OXFORD.- One of the worlds most celebrated architects, Dame Zaha Hadid, was in Oxford on Wednesday 30 January 2013 for a groundbreaking ceremony to mark the start of work on a building she has designed for the Middle East Centre at St Antonys College.
Zaha Hadid, who was recently made a dame for her services to architecture, is best known in the UK for her design of the Aquatics Centre for the London Olympic Games. Dubbed The Softbridge because of its design, the new construction will be known on completion as The Investcorp Building. The project is expected to be finished by the summer of 2014.
The building has been made possible through a generous donation of £11 million funded by the international alternative asset management firm, Investcorp. The guest of honour at todays ground-breaking ceremony will be Investcorps Executive Chairman and CEO, Mr Nemir Kirdar.
The three-storey Softbridge building will form a suspended bridge between numbers 66 and 68 Woodstock Road and provides 1,200 square metres of floor-space. Its new lecture theatre, replacing the cramped rooms where public seminars are currently held, offers 125 seats and disabled access. The building will also house a new library and purpose-built archive facility, doubling the amount of space currently available.
Mr Nemir Kirdar said: Investcorp was founded to create a bridge between investors in the Gulf States and investment opportunities in Europe and the US. I am delighted that Investcorps funding now makes possible this magnificent new centre a building dedicated to deeper cross-cultural understanding. Its bridge design beautifully encapsulates the links that we hope the Centre will forge between the Middle East and the West.
Dame Zaha Hadid said: The floating nature of the bridge is emphasised via its stainless steel cladding which has a light and ephemeral appearance; its surface echoing the existing context of listed buildings, trees and ever-changing light conditions.
Founded in 1957, the Middle East Centre at St Antonys College serves as the University of Oxfords facility for research and teaching on the Arab world, Iran, Israel and Turkey from the 19thcentury to the present day. Since 1978, the Centre has been housed at 68 Woodstock Road (the former rectory of the Church of St Philip and St James, built in 1887). The Centre comprises a major research library, based in 68 Woodstock Road, and an internationally recognised archive of private papers and historic photographs of the Middle East, situated in the basement of 66 Woodstock Road.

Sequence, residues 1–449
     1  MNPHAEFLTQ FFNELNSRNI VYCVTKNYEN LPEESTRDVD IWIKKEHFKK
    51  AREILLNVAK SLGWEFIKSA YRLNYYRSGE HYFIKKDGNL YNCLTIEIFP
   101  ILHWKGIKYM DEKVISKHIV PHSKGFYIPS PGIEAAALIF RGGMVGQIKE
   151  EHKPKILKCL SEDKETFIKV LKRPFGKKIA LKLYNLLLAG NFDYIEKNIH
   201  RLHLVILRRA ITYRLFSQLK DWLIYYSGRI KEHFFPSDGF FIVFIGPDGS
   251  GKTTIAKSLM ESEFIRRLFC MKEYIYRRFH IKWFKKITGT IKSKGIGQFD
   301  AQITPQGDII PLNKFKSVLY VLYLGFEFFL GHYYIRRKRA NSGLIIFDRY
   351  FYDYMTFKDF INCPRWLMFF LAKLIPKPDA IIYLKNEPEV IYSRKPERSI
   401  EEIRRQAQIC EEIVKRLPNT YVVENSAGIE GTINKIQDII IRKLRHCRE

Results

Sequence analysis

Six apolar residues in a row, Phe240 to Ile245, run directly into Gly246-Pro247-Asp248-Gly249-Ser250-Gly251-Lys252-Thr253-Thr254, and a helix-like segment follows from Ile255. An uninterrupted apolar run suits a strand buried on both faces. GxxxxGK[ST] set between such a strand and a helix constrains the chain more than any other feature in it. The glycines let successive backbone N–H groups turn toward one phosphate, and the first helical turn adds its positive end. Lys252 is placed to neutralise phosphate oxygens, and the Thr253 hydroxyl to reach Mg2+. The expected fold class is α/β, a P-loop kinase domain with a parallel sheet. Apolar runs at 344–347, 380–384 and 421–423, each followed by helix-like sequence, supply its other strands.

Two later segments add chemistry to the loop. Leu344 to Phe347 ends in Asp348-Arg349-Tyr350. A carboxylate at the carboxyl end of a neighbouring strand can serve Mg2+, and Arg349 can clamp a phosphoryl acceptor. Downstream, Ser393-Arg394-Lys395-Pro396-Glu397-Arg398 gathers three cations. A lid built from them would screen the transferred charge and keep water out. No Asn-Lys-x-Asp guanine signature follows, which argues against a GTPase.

On the completion of the Softbridge Building, the Middle East Centre Library and the archive will move into purpose-built facilities, providing state-of-the-art resources to conserve and manage the collections. This will make space available in the existing buildings for 14 academic offices and a seminar room. The need for more teaching space has grown more acute as student numbers have expanded dramatically in recent years, with over 30 Masters students and more than 40 doctoral candidates now studying at the centre.
The Vice-Chancellor of the University of Oxford, Professor Andrew Hamilton, said: We are hugely grateful to Investcorp for this most generous donation. It enables a building designed by one of the worlds most exciting architects to be created in Oxford.
We hope that members of the public, as well as University staff and students, will enjoy the new buildings stunning, state-of-the-art lecture theatre and the new dedicated spaces for displays of Middle Eastern art which will also be open to the public.
Dr Eugene Rogan, a Fellow of the Middle East Centre, has worked with Zaha Hadid Architects to bring this project to fruition. He said: Zaha Hadid was the ideal choice for this project as she is one of Britains greatest architects with her roots firmly in the Middle East. That nicely paralleled our vision of Oxfords Middle East Centre as a British centre of excellence with deep roots in the region. With this new building, the Middle East Centre enters a new era as one of the worlds finest research facilities on this area of crucial public interest.